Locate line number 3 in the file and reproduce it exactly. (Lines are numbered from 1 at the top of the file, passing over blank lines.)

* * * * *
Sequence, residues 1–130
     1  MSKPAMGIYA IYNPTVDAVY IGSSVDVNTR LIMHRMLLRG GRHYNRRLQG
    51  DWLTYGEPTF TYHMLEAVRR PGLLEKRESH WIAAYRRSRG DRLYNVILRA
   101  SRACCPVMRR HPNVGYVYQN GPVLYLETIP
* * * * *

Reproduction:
    51  DWLTYGEPTF TYHMLEAVRR PGLLEKRESH WIAAYRRSRG DRLYNVILRA